Popular posts from this blog

The insecure writer's support group

The ground is important -- for several reasons.

Among them

Gravity makes no sense without it -- there's no mandate that science be logical so long as our scientists are the smartest smartypants on the planet, in which case "because I said so" is an acceptable explanation. The ground is important, because it's something to build on -- a starting point, a foundation.

I respect the ground, because it has on occasion fallen out from under me, and it's rather unsettling to watch your life in free-fall mode -- to see your accomplishments disintegrate in an instant or a decade in some cases. It all depends on how fast you're falling.

Most of us drop in slow motion. We'll catch a ledge or an up draft every once in a while and think "this is it!" But then we go on falling. Or do we? Is the "bottom" just a figment of our imaginations? Can we lay new ground wherever we choose?


Ask Alice

None of my friends growing up were impressed with Disney's…

Writers get laid

Writers get laid -- or they would if they tried -- because people -- especially women -- are impressed by the phrase, "I'm a writer." It's romantic.

Introducing yourself as a writer insinuates substance and depth of character; people like that. They don't know why, except that one-dimensional characters on T.V. sitcoms and big-screen romantic comedies prattle on and on about the whole package -- a good looking, funny, intelligent single with rock-solid values and money.

People admire the skill and dedication it takes to be a novelist or a journalist or a screen writer  -- "I always wanted to be a writer," they tell you with stars in their eyes.

Whether they know it's a myth or not they imagine us in rich, thrilling lives with sports cars and beach houses and Louboutin shoes like Carrie Bradshaw. So the woman at the grocery store doesn't feel bad when she puts back the US Weekly she read cover to cover before she checks out.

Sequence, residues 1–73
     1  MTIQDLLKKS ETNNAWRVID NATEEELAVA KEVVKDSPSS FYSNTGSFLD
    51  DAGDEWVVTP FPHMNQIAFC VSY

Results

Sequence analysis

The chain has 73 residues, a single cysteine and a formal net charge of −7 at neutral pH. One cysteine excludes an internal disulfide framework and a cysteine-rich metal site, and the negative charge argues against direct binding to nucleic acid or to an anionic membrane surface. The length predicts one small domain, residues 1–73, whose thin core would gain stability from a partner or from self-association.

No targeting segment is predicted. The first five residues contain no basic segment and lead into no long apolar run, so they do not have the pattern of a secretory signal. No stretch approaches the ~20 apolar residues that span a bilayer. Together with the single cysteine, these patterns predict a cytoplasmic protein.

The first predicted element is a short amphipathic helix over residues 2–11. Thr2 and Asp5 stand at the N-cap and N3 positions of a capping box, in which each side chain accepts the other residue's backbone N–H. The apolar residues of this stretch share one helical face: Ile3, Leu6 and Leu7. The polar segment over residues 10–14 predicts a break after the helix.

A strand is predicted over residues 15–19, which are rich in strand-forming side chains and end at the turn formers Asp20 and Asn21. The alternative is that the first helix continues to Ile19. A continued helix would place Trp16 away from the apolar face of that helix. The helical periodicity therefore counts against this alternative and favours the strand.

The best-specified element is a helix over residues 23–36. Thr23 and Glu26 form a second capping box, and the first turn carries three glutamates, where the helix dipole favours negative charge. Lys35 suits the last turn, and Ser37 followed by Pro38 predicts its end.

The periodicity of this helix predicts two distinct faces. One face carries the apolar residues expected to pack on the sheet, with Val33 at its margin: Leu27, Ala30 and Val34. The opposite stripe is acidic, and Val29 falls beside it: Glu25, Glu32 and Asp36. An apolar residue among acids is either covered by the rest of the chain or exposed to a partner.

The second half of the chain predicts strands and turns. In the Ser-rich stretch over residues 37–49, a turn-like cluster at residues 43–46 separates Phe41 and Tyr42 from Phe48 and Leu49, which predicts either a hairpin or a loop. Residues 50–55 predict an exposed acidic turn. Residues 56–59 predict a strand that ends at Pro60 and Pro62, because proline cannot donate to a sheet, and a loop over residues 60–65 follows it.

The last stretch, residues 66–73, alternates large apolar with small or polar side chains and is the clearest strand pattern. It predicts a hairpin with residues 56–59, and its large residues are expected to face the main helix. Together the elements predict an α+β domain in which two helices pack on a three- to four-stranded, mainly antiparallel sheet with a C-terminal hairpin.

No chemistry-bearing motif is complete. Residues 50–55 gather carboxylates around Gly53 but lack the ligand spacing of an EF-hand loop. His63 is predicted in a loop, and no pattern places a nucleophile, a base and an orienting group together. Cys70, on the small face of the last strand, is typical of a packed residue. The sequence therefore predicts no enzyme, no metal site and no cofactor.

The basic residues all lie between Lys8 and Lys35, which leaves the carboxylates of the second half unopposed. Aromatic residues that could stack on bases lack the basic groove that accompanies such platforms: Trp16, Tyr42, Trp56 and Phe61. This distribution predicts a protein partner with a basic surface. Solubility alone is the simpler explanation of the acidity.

Or downloading unauth…

My favorite geeks

Imagine a little girl in pink granny glasses. Her haircut gives her a boyish look and she’s dressed in a purple checked sweater with red high waters and electric-blue duck shoes. A couple of kids on the playground tell her how cool she looks, and -- not comprehending their sarcasm -- she smiles brightly and thanks them.
That was me -- the dork in ginormous glasses. I answered to many names in elementary school -- loser, duck feet, four eyes and a few others I'd rather forget -- smart, pretty and fashionable I was not. It felt like the end of the world back then. All the popular girls braided each other's hair during story time at the library while I picked my nose and talked to myself. 
I'm not ashamed to admit it. I was a dork -- as big a dork as it's possible to be -- and it gave me character. I think Lester Bangs said it best : "Good-looking people don't have any spine. Their art never lasts."
No one called 4-year-old Paris Hilton -- or Lindsay Lohan or B…